Waimea Canyon Trails – The Best Hiking in Kauai, Hawaii

Kauai is the rainiest of the Hawaiian islands, and winter is its rainy season. Since many families can only vacation when their kids are off school, a lot of people find their Christmas holiday in Kauai to be marked with a little rain every day. The great part of this is, though, that Hawaii is still tropical, and the rain and sun are not mutually exclusive in the slightest. Even hiking through one of Hawaii’s most lush forests, in the rain, is an awe-inspiring and memorable family activity. Hiking Kauai’s Waimea Canyon proved to be one of the best highlights of our vacation in Hawaii.

Yes, it’s true; we went for a hike in the rain. We’d been invited to the island so that I could share our favorite family experiences there on this blog. My kids weren’t exactly pleasures to be with at the time. In fact, if shooting dirty looks at their mama worked as intended, I’d probably have turned into a toad, or at least a more spoiling, indulgent mother. Nonetheless, it just feels irresponsible to stay inside a hotel room all day when the beauty of Hawaii hid behind Kauai’s stop-and-go weather outside. We had scheduled a hike in Waimea Canyon for the morning, rain or shine. Or, more appropriately, rain AND shine. Simultaneously. We counted seven rainbows on our drive to Waimea Canyon.

Waimea Canyon is on the west side of Kauai, a mostly roundish island. It starts at the base of Waimea Canyon State Park, and ascends gently. We headed west from Poipu Beach resort area, and got to the base of the canyon in half an hour. The main road up takes travelers (still by car) up to the Kokee State Park, where trail maps are available at the Kokee Museum for around $2.00.

Now, we did a very easy hike, in accordance with the wishes of our damp and petulant children. There are strenuous hikes as well, and be warned: They start off going downhill, so the hard part is the return trip! Experienced backpackers and hikers should have little problem, but us suburban types knew our limits. We took the Pihea Trail, a very scenic walk along the Kalalau Valley rim, through the wet forest. For those intrepid hikers traveling without young kids, the park ranger recommended the Kukui Trail: This trail, while just 5 miles round trip, is a steep hike into Waimea Canyon, with an elevation change of around 2,000 feet. The Waimea River runs along the bottom, having carved out this canyon much as the Colorado River carved out Wailea’s larger cousin, the Grand Canyon. Because this is Hawaii, you know that a volcanic eruption was also at least partially involved in the creation of this natural wonder.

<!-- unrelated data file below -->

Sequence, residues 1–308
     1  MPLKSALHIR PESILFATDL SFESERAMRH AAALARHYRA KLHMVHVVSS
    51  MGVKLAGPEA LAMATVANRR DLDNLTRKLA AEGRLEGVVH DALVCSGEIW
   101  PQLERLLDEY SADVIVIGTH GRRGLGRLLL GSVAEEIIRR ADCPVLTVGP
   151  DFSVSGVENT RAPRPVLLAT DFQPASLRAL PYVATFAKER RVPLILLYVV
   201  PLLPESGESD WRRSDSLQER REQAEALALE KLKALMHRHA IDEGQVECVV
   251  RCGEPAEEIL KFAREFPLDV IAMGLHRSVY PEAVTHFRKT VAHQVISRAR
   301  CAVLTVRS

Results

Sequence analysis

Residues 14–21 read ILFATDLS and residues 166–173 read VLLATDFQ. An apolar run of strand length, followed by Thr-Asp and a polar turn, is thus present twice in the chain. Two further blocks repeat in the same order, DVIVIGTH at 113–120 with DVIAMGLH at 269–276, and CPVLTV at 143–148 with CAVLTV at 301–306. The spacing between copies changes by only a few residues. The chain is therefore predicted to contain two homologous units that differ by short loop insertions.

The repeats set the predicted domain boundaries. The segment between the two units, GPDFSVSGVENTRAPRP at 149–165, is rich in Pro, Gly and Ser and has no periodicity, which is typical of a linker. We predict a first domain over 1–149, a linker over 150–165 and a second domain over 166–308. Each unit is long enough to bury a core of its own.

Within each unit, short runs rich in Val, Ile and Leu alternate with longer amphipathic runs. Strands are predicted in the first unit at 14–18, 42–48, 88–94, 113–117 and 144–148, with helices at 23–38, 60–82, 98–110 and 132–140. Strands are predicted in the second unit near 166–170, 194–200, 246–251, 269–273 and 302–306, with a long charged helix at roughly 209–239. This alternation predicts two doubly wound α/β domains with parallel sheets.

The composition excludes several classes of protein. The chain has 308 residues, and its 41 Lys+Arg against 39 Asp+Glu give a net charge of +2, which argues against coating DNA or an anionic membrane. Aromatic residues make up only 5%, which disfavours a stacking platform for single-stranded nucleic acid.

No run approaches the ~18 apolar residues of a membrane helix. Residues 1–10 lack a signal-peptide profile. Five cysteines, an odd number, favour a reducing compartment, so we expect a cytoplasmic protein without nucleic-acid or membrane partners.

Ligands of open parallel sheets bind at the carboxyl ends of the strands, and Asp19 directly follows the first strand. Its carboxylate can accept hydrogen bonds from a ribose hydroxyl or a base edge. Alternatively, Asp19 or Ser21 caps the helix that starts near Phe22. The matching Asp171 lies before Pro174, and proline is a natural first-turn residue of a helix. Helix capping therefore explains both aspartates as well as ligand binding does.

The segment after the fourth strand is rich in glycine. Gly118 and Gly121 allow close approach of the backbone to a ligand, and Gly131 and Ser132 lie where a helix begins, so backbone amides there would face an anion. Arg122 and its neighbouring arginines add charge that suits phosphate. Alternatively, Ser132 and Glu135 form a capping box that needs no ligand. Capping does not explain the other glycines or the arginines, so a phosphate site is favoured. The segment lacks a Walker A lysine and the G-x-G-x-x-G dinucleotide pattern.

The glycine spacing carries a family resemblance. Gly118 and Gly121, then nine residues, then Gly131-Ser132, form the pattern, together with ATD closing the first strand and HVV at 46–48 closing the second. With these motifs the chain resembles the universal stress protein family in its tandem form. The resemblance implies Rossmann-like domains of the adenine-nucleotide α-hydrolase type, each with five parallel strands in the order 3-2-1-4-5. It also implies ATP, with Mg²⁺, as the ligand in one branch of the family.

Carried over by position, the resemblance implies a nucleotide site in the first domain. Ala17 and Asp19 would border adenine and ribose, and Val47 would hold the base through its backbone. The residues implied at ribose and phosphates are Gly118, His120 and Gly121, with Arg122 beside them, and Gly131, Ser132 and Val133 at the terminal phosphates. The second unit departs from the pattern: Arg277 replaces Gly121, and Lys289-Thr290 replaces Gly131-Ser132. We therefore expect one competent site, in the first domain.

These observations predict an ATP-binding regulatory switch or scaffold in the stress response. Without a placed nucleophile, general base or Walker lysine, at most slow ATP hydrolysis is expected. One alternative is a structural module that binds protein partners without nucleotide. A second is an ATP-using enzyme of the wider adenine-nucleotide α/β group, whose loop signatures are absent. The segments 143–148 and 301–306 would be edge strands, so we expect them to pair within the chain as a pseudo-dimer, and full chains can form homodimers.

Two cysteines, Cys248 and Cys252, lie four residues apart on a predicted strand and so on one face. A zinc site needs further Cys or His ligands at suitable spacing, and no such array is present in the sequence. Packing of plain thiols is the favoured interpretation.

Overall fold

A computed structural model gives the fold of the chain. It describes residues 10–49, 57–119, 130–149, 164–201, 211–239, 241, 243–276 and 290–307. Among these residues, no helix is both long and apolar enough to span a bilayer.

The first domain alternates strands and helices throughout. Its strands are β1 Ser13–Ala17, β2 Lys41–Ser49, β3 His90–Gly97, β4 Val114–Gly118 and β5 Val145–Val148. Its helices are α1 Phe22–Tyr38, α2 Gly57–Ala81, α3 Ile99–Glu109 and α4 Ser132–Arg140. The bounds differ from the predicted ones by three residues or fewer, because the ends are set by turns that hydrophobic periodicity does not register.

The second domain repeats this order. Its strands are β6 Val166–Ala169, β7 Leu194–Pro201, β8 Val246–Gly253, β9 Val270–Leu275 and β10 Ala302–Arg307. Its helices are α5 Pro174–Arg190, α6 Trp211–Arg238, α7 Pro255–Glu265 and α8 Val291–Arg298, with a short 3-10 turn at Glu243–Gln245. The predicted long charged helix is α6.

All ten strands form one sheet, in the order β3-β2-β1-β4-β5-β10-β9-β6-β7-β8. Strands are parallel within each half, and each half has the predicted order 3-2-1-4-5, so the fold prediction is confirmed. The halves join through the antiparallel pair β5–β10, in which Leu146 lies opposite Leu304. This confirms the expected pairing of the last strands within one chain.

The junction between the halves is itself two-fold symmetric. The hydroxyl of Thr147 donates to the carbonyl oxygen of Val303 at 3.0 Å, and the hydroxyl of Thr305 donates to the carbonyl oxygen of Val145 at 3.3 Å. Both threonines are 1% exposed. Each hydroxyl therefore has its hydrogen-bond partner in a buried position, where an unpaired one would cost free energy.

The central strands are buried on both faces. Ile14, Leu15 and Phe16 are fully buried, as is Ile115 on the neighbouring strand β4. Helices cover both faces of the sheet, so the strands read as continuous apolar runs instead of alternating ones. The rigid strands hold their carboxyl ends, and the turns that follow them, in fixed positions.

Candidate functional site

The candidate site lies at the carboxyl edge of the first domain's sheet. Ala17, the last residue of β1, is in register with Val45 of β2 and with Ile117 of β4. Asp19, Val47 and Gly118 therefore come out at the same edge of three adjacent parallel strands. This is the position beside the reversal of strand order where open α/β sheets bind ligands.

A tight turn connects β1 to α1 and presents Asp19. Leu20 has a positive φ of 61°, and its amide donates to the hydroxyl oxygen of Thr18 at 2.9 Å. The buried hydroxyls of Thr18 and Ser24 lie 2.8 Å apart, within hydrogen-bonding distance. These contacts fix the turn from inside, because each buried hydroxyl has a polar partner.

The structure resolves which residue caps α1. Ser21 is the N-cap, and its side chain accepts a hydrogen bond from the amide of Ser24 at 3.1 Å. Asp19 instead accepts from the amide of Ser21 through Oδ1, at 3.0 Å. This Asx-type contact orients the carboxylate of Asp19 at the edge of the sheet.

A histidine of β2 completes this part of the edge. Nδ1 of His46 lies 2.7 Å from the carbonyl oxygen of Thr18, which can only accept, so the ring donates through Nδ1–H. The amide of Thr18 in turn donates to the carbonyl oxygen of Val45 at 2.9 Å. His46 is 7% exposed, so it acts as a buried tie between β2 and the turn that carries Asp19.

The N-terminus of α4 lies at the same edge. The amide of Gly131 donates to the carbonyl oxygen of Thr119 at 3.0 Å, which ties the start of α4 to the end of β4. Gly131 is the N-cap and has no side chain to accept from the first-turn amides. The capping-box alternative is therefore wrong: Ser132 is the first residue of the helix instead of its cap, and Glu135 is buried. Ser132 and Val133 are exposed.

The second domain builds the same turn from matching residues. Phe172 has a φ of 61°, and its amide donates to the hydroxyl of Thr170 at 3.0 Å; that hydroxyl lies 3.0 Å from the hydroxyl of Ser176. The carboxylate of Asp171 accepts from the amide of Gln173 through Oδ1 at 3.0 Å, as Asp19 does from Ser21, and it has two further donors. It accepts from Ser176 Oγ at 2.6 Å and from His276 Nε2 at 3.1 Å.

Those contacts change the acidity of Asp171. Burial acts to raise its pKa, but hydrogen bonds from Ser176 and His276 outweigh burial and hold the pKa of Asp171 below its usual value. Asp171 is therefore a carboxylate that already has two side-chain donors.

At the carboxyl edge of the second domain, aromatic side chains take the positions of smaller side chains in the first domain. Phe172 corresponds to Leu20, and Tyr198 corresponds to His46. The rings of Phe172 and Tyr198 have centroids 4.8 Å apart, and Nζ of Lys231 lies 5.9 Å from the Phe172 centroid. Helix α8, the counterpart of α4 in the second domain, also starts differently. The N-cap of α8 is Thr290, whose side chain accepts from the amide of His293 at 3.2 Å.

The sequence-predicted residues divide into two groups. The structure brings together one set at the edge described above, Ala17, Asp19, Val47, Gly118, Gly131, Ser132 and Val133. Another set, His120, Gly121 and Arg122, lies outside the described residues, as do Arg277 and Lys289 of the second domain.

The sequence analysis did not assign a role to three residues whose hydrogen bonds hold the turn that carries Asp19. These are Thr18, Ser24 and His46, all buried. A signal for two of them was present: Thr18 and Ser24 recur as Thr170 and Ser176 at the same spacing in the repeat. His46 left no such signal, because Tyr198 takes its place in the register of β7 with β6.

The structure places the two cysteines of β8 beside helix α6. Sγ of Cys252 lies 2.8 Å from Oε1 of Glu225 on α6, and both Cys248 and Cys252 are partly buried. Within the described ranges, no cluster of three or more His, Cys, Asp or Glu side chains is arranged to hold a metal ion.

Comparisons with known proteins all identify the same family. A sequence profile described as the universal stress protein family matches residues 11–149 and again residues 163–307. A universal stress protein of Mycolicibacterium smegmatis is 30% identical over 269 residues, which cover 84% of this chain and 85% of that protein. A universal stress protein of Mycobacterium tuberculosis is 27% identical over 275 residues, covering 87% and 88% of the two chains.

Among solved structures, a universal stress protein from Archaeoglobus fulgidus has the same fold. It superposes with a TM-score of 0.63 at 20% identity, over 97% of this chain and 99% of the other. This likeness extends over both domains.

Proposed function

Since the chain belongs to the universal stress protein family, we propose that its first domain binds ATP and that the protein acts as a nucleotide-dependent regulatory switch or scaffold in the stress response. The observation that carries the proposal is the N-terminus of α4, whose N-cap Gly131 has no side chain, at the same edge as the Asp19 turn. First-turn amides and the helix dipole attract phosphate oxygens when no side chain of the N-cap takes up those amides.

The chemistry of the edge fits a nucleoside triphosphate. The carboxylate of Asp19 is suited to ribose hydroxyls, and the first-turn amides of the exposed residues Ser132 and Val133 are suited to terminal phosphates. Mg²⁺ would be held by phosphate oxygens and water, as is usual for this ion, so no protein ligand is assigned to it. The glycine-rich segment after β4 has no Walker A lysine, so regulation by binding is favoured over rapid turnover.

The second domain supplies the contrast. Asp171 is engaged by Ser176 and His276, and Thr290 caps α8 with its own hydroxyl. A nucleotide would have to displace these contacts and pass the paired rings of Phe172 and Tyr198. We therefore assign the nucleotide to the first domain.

The Pihea Trail hike itself was along through a forested trail, with no vistas or views until the end. But Waimea Canyon is called “The Grand Canyon of the Pacific” for a reason: We’re talking breathtaking, panoramic views of Napali Coast to the west, and of the cliffs of Kauai’s interior to the east. Anyone who’s been to the Grand Canyon will agree that Wailea Canyon’s nickname is well-deserved. It is like a greener version of that other, more famous canyon. Waimea Canyon is over 3,000 feet deep, and around 10 miles long, with gorgeous gorges and buttes. The photos I took, remember, were on a somewhat rainy day. Imagine the vibrancy of those red cliffs in the sun.

We looked out at the Kalalau Valley and Waimea Canyon as a family. Those children, previously whining about being cold and wet, fell silent. I asked them what they were thinking. “It’s so amazing, it’s awesome,” said the younger daughter quietly. My older kid (who really was getting on my nerves just 10 minutes prior) thought for a moment. She said, “I only hear the wind going past me, and I only see these cliffs. I think someone 500 years ago could have been standing right here, feeling the same wind and seeing the same cliffs.”

She’s right; it’s timeless. There is something about awe-inspiring vistas that bring out the poet philosophers in everyone, even those who would rather be watching TV in their hotel rooms. The Waimea Canyon in Kauai did just that, for our traveling family. This truly is the best hiking area in Kauai. It gave us a memory we’ll carry with us for the rest of our lives.

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